Keeling recognized by transport geographers with Alan Hay Award
- Author: Dr. David Keeling
- Author: Friday, August 30th, 2019
Dr. David J. Keeling, University Distinguished Professor of Geography, was recognized with the Alan Hay Award on Wednesday (Aug. 28) by the Transport Geography Research Group at the annual meeting of the Royal Geographical Society in London.
The Alan Hay Award in Transport Geography is named in honor of Professor Alan Hay (Shefﬁeld and Canterbury Christchurch) who had an outstanding research record in the sub-discipline. It is presented annually to a researcher who has made significant long-term contributions to Transport Geography.
At the conference, Dr. Keeling presented “Restructuring the Argentine Airline System: Low-Cost Carriers, Global South-North Connections, and the Reorganization of Network Interactions” as part of a collection of papers given at the RGS conference and to be included in a Special Issue on Global South Aviation scheduled to appear in the Journal of Transport Geography in 2020. He also participated in the annual editorial meeting of the Journal, for which he serves as an Associate Editor for the Americas.
The London conference capped off an extremely busy summer research and travel season for Dr. Keeling who, since the end of the Spring semester, has circumnavigated the planet three times, traveled about 80,000 miles, and visited 15 countries.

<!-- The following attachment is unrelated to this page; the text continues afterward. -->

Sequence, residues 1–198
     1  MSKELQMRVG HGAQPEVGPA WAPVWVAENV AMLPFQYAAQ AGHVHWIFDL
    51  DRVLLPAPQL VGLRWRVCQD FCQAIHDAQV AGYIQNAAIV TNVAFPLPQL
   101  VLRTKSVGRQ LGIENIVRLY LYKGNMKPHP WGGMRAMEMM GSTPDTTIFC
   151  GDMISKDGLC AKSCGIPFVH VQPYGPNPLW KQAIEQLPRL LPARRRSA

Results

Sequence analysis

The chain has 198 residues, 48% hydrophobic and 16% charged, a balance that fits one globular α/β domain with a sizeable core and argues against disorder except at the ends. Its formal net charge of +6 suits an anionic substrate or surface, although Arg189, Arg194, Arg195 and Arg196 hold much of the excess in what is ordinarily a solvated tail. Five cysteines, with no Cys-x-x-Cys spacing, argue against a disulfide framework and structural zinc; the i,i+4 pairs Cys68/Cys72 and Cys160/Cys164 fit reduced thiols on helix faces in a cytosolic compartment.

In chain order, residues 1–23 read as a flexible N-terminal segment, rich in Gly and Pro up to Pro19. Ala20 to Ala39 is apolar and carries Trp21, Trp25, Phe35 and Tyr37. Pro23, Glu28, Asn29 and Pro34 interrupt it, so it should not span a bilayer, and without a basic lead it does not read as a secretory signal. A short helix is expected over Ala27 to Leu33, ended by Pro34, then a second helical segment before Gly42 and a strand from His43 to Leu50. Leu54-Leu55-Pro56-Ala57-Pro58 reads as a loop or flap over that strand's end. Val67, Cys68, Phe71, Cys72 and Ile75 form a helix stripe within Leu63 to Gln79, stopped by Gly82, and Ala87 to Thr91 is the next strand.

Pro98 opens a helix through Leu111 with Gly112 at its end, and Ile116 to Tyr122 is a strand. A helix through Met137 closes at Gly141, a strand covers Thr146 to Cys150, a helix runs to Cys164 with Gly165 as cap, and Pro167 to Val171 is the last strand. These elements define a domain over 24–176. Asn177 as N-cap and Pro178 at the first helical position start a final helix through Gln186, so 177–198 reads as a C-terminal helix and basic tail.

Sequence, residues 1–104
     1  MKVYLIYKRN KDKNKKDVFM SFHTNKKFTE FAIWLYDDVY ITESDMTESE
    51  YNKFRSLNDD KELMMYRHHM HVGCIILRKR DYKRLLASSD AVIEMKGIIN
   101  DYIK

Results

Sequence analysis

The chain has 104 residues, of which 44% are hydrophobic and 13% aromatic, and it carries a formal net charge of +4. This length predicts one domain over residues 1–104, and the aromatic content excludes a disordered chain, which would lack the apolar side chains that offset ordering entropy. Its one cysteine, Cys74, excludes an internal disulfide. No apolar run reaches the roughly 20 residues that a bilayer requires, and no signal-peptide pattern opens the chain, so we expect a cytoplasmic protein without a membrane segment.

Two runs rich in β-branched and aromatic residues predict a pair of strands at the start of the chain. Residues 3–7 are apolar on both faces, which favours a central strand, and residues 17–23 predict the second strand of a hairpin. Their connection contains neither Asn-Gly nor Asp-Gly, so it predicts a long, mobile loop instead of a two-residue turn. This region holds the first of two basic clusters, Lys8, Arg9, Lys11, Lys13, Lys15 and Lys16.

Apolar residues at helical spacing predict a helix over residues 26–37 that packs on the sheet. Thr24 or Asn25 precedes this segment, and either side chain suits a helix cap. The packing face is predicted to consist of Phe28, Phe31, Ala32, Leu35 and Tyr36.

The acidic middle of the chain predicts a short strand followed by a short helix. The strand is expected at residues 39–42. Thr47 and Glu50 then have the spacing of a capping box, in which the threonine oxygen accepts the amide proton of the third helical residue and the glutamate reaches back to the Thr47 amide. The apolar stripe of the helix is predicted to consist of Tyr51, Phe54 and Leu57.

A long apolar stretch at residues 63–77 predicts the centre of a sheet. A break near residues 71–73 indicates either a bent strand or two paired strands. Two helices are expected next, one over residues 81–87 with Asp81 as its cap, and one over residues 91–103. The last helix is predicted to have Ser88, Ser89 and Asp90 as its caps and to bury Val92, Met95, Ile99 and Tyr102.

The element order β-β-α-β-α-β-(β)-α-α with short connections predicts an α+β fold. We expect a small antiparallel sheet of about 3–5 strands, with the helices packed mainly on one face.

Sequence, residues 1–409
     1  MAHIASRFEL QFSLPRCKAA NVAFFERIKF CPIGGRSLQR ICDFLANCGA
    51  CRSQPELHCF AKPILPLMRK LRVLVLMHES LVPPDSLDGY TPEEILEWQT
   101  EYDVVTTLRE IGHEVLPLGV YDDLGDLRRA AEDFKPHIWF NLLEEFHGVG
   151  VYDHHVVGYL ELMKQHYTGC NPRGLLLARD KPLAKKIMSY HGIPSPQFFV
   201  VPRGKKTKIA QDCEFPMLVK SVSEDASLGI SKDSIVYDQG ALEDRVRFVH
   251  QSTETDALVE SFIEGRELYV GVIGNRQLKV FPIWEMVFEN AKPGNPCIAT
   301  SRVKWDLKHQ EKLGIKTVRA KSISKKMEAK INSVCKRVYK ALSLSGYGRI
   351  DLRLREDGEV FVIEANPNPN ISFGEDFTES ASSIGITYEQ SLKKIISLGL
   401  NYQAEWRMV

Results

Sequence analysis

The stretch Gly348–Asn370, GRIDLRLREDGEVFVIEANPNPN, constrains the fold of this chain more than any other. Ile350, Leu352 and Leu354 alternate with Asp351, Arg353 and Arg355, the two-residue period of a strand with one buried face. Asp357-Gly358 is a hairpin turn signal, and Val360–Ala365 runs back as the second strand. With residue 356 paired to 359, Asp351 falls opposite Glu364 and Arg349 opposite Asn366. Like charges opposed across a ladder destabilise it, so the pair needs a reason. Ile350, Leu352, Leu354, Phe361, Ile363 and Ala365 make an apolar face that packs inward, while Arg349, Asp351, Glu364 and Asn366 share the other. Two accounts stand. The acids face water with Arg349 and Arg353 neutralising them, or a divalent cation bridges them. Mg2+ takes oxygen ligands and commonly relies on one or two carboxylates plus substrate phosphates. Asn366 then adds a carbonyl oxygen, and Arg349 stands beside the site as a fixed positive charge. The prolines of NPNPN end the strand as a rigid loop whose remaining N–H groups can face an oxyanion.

In late May, he completed survey work on the Lincolnshire (UK) rail line that is the focus of research on regional transport poverty. In June, he lectured on cultural, political and transport geography on an around-the-world expedition to Japan, Singapore, China, Nepal, Khazakhstan, Denmark and France. Following this expedition, he joined a second around-the-world expedition lecturing on geopolitics, climate change and resource management, and visited Japan, Mongolia, Russia, the Svalbards (Arctic), Iceland and Greenland. Then he headed to the Seychelles in the Indian Ocean, with a stopover in Kenya, to research small island mobility challenges. His final summer trip was to London for the annual RGS conference.
For information about Dr. Keeling’s research, teaching and travel, contact him at firstname.lastname@example.org or (270) 745-5985.